''If we had gotten that pitcher and kept everyone else,'' says
Werner, ''we would have lost $20 million this year.'' Instead, on
Aug. 31 the Padres traded Lefferts, a 13-game winner, to the Orioles
for Gutierrez and Triple A pitcher Erik Shullstrom.
''The owners were telling me all year to get rid of Lefferts's and
Santiago's salaries,'' says McIlvaine. ''But no team was interested
in Benny. ((In addition to having his big salary, Santiago was
perceived by some teams as needing an attitude adjustment; the
Marlins signed him to a two-year, $7.2 million contract.)) I couldn't
trade him. We were going to lose Lefferts after the season to free
agency and get nothing back.''
By not picking up Fernandez's option, the Padres had until two
days after the World Series to trade him, or they would lose him
outright. He was dealt to the Mets for Wally Whitehurst, a potential
fifth starter; minor league outfielder/sometime NFL running back D.J.
Dozier; and a minor league catcher. Losing Jackson, Hurst or both
would be as devastating to the San Diego lineup as losing Fernandez
Jackson, 29, is one of the game's most underrated and dedicated
players. He's solid defensively and has power. Hurst, who will make
$2.75 million this year, is expected to be moved as soon as his left
shoulder is fit. He had arthroscopic surgery in the off-season, but
he may not be fully recovered until early May.
San Diego and the Boston Red Sox had worked out a trade involving
Jackson, but it fell apart. The Detroit Tigers have also shown
interest in Jackson, who is resigned to the fact that he will be
changing teams sometime soon. ''I get handshakes every day from
teammates who say, 'Well, if I don't see you again. . . ,' '' says
Jackson, smiling. ''My wife now just says, 'Call me if something
The way Werner sees it, as long as he has Gwynn, Sheffield and
slugging first baseman Fred McGriff, ''how bad can we be?'' But as a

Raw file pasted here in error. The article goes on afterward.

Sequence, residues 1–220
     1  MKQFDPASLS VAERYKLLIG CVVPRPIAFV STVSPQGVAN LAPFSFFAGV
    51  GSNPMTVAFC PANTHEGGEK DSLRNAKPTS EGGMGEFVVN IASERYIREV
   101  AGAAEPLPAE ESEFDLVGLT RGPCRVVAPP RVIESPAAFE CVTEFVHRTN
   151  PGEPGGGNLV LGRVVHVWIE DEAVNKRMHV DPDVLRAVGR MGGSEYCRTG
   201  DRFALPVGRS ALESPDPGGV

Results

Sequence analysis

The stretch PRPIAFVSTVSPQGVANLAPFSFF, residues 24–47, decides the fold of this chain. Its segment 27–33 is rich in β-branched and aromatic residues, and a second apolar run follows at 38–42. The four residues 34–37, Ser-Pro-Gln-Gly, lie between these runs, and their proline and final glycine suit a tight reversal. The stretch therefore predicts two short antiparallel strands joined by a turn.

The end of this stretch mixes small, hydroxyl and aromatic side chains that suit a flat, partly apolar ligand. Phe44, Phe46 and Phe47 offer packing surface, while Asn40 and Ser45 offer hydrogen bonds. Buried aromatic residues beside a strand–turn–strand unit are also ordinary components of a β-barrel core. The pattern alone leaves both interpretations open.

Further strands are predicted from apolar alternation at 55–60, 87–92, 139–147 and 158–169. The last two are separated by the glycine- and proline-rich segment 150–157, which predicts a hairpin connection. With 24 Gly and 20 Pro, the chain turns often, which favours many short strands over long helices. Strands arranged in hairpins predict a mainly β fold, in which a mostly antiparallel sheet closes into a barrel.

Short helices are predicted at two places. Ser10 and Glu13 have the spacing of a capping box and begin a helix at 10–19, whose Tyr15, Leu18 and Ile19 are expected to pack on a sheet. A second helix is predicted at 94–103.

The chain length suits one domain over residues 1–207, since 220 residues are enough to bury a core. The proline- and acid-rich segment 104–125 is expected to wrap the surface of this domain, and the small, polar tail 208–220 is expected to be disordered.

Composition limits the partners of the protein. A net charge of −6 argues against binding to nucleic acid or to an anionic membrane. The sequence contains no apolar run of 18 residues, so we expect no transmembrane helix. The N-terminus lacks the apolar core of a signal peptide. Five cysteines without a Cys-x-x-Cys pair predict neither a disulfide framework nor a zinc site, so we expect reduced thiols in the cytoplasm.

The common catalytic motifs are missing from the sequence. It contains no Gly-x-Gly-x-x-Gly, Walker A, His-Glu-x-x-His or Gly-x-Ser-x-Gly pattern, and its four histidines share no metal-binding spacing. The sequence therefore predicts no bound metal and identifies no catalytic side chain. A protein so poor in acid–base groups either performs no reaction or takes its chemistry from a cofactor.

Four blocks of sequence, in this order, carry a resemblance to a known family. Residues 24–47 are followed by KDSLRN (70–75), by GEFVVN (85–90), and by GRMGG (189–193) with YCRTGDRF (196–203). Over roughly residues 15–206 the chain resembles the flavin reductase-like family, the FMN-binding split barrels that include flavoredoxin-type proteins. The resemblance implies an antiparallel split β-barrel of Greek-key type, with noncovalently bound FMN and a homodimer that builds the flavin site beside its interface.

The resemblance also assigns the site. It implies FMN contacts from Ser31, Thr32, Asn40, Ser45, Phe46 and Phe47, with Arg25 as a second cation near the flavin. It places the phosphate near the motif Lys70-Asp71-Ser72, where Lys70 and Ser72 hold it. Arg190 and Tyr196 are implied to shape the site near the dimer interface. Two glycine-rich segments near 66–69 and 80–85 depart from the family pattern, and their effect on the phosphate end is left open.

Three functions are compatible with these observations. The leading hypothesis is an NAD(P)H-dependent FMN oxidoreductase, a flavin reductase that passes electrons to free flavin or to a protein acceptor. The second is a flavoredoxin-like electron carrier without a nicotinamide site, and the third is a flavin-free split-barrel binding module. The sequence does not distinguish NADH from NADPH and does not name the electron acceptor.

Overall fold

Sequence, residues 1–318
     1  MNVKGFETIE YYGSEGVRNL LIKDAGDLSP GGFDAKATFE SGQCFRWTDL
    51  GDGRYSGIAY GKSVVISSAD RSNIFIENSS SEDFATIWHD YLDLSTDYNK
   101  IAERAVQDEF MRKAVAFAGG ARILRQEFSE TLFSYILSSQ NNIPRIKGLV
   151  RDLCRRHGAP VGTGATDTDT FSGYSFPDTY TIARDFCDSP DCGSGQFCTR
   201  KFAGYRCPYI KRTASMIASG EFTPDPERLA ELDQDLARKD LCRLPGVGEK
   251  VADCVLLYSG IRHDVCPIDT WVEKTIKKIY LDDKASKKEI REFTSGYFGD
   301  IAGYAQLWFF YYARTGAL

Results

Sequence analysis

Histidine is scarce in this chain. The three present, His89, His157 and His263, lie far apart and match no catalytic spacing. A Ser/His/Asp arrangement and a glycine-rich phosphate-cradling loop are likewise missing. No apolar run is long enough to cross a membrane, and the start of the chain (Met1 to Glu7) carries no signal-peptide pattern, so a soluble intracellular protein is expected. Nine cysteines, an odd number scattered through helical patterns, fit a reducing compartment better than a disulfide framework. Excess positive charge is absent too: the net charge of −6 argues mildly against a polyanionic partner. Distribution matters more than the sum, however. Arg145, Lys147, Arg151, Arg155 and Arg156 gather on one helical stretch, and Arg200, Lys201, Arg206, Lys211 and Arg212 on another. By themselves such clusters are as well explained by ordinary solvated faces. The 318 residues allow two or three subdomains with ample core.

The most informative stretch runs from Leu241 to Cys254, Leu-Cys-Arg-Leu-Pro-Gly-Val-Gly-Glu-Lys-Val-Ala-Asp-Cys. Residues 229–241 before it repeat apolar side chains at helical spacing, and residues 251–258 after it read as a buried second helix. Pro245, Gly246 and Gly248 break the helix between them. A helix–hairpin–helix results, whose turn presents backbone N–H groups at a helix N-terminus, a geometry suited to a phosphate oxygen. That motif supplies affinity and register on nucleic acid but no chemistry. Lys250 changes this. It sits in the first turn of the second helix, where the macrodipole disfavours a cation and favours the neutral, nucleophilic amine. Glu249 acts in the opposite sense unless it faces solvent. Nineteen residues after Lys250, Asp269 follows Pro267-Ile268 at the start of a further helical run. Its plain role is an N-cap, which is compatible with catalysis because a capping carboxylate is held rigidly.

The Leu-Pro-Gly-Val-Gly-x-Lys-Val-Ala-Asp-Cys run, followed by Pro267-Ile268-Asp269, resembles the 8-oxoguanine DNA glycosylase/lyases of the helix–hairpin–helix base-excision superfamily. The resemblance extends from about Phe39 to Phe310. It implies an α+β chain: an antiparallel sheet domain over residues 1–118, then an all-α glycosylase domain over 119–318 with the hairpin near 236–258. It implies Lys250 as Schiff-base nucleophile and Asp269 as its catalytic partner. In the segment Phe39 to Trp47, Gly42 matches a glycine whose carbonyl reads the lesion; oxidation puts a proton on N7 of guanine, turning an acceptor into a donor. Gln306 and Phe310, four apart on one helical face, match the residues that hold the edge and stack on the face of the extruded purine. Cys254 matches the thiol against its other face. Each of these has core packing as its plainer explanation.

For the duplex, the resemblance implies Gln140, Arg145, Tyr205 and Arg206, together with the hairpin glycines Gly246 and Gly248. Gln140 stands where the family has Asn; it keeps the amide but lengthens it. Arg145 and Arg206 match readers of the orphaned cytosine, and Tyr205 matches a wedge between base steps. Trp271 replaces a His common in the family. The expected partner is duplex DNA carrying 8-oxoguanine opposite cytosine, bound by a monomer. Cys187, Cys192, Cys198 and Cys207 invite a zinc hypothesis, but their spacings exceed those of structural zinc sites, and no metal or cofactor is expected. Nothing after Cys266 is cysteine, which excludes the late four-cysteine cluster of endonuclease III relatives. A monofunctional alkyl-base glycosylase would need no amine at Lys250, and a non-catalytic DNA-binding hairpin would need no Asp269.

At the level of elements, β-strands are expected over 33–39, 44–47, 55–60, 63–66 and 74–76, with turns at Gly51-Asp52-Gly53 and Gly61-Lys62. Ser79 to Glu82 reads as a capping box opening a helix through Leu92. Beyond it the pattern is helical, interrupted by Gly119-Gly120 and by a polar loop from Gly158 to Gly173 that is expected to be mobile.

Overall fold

former owner of a Rotisserie League team, Werner should know that
three players can't win anything -- this is major league baseball,
not a four-man scramble in golf.
''It takes 25 players to win, and our 25 last year were as good as
any I've seen here,'' says Gwynn, who replaces Fernandez as the Padre
leadoff hitter. ''There's no way three guys can carry the load. I'm
no leadoff hitter, but I'm working at it. You can't tell Fred, 'You
hit 35 homers last year; this year you've got to hit 45.' You can't
tell Gary, 'You almost won the Triple Crown last year; you've got to
win it this year.' You can't put that pressure on them, but that's
what these trades are doing. There's an uncertainty in the air. We
know it's a business, but it still sucks from a player's viewpoint.''
And from McIlvaine's. His job as San Diego's general manager may
be in peril. ''I don't want pity,'' he says. ''This is a roadblock.
We hope it's temporary.'' McIlvaine isn't blameless in the Padres'
decline either. Since taking over after the 1990 season, he has made
some bad signings, including pitcher Larry Andersen, infielder Kurt
Stillwell and third baseman Jim Presley, who together cost
approximately $9 million. All have been busts. McIlvaine also traded
outfielder Bip Roberts to the Cincinnati Reds for Myers; Roberts now
is one of the game's top leadoff men, while Myers pitches for the
Next July, when McIlvaine reaches the midway point of his
five-year contract, his status will be evaluated by the ownership
group, which holds an option to buy out the last two years of his
contract. It will probably exercise that option, ending what has been
a tense relationship between McIlvaine and Werner.
The man caught in the middle of all this is Jim Riggleman, who is
in his first spring as a major league manager. He has been roundly
praised in camp, especially by Hurst, for his professional approach
to what is obviously a | difficult situation. Riggleman has been able
to keep the players upbeat in the face of the upheaval. ''No sense
whining,'' says Sheffield. ''All we can do is entertain the fans the
best we can.''
The fans who follow the Padres have been anything but upbeat. In
the March 7 edition of The San Diego Union-Tribune, a letter to the
editor read, ''If the Werner Wrecking Crew keeps going, they won't
have enough fans to raise the flag on Iwo Jima. . . . And someone
should tell Tom there are two things that need cleaning up in San
Diego: the Tijuana River, and his act. They're both full of the same
After a recent game at Desert Sun Stadium, McIlvaine participated
in a question-and-answer session with fans gathered behind home
plate. Some of them must have been from Raggers Rail, given the
negative, even nasty, tone of the questions, which included, ''How
are we going to win when we trade our stars for nobody?'' and ''Is
Werner going to sell?'' and ''How can you stand up there and tell us
to our faces that we can win the West?''
Tough crowd. One of the last queries came from a seven-year-old
named Travis, whom the moderator introduced as ''the Padres'
shortstop in the year 2005.'' Before Travis could speak, a fan, no
doubt a Railbird, said with disgust, ''Sign the kid. He won't cost